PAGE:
Then, there have been a few other things in my life which are affecting my working week.  In my mind, life is not only measured out in working weeks but also marked out into sections by significant events.  Two such are destined to shape what my life will become over the next months.

Last March I turned 60 and began receiving a small pension from the teaching I did for the first part of my working life.  This income means in theory that I could now work part-time because I don't need to earn quite so much money.  In practice, so far, I have had to work when I could to try to catch up with falling stock levels.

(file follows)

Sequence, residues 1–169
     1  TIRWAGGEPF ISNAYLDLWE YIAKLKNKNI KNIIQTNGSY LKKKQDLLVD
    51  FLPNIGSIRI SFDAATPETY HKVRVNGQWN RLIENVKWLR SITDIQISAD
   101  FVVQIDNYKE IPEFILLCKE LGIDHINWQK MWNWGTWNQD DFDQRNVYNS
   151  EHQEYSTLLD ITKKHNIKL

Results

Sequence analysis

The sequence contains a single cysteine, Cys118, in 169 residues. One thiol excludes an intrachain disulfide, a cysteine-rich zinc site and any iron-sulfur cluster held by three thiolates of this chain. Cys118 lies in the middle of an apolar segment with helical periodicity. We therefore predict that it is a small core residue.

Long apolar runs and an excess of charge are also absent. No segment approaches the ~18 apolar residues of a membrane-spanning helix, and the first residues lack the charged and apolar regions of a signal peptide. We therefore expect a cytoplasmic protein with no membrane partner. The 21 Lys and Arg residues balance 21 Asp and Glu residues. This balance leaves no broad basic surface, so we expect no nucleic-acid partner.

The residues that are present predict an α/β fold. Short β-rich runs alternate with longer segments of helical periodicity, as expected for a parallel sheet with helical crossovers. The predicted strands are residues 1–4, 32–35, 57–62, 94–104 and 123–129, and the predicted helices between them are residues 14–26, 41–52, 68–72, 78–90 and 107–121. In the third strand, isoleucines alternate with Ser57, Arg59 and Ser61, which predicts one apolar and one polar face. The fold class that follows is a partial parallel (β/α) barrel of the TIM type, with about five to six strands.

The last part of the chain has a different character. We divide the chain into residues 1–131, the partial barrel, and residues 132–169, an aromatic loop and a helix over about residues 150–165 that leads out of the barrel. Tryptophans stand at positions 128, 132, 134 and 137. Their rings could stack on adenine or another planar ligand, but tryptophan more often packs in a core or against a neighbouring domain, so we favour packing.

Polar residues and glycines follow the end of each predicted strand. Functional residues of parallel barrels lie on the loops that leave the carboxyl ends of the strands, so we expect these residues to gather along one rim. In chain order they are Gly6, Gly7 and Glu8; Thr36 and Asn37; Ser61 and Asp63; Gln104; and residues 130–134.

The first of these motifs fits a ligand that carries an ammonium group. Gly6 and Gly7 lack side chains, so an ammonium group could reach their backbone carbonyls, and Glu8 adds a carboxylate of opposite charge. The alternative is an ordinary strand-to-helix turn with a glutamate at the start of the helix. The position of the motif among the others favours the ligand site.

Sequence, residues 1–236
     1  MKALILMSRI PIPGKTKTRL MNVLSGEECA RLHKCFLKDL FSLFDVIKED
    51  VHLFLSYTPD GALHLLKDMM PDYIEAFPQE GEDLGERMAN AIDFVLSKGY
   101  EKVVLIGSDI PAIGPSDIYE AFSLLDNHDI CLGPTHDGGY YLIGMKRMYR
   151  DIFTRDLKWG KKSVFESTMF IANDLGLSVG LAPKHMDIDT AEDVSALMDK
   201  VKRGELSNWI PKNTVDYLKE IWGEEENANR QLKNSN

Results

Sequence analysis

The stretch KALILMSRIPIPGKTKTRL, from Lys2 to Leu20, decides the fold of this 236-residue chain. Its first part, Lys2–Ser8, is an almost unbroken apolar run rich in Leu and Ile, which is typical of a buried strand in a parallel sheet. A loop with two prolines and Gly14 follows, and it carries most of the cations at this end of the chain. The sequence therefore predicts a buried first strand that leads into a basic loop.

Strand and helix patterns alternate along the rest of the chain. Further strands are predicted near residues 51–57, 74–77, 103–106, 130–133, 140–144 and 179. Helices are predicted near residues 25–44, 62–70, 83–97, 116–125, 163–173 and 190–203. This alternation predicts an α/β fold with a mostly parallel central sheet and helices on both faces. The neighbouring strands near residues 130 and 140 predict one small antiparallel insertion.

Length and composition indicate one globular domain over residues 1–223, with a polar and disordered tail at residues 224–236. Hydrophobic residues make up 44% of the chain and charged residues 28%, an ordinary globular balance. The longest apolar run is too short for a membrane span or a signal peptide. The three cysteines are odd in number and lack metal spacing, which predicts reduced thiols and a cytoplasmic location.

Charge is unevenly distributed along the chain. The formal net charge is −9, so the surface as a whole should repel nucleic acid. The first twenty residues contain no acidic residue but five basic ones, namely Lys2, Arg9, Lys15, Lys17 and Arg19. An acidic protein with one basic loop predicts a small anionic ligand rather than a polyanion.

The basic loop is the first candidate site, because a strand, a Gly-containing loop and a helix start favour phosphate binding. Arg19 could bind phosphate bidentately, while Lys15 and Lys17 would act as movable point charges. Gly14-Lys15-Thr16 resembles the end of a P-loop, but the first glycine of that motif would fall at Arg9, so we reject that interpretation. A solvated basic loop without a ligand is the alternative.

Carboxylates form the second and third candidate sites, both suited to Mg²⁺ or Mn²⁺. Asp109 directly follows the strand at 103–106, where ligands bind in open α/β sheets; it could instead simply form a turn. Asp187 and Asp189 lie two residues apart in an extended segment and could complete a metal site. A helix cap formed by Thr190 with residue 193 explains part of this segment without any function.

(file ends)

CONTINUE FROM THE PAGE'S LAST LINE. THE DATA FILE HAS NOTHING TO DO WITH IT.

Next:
Then November brought a much more fundamental life-changing event, the death of my lovely husband Mike.  I've been widowed before so I had some idea what to expect and one thing I knew to expect is that some things will be unexpected. 

The most unexpected thing that has happened to me in the last two months is that I don't know where I am with my work.  My head is making plans for returning to the pottery, what I'm going to make, where I'm going to sell ...  but my heart has been glad that I have been too busy doing other things.  I am really not sure that when it comes to returning to work, I shall know what it is that I want to make.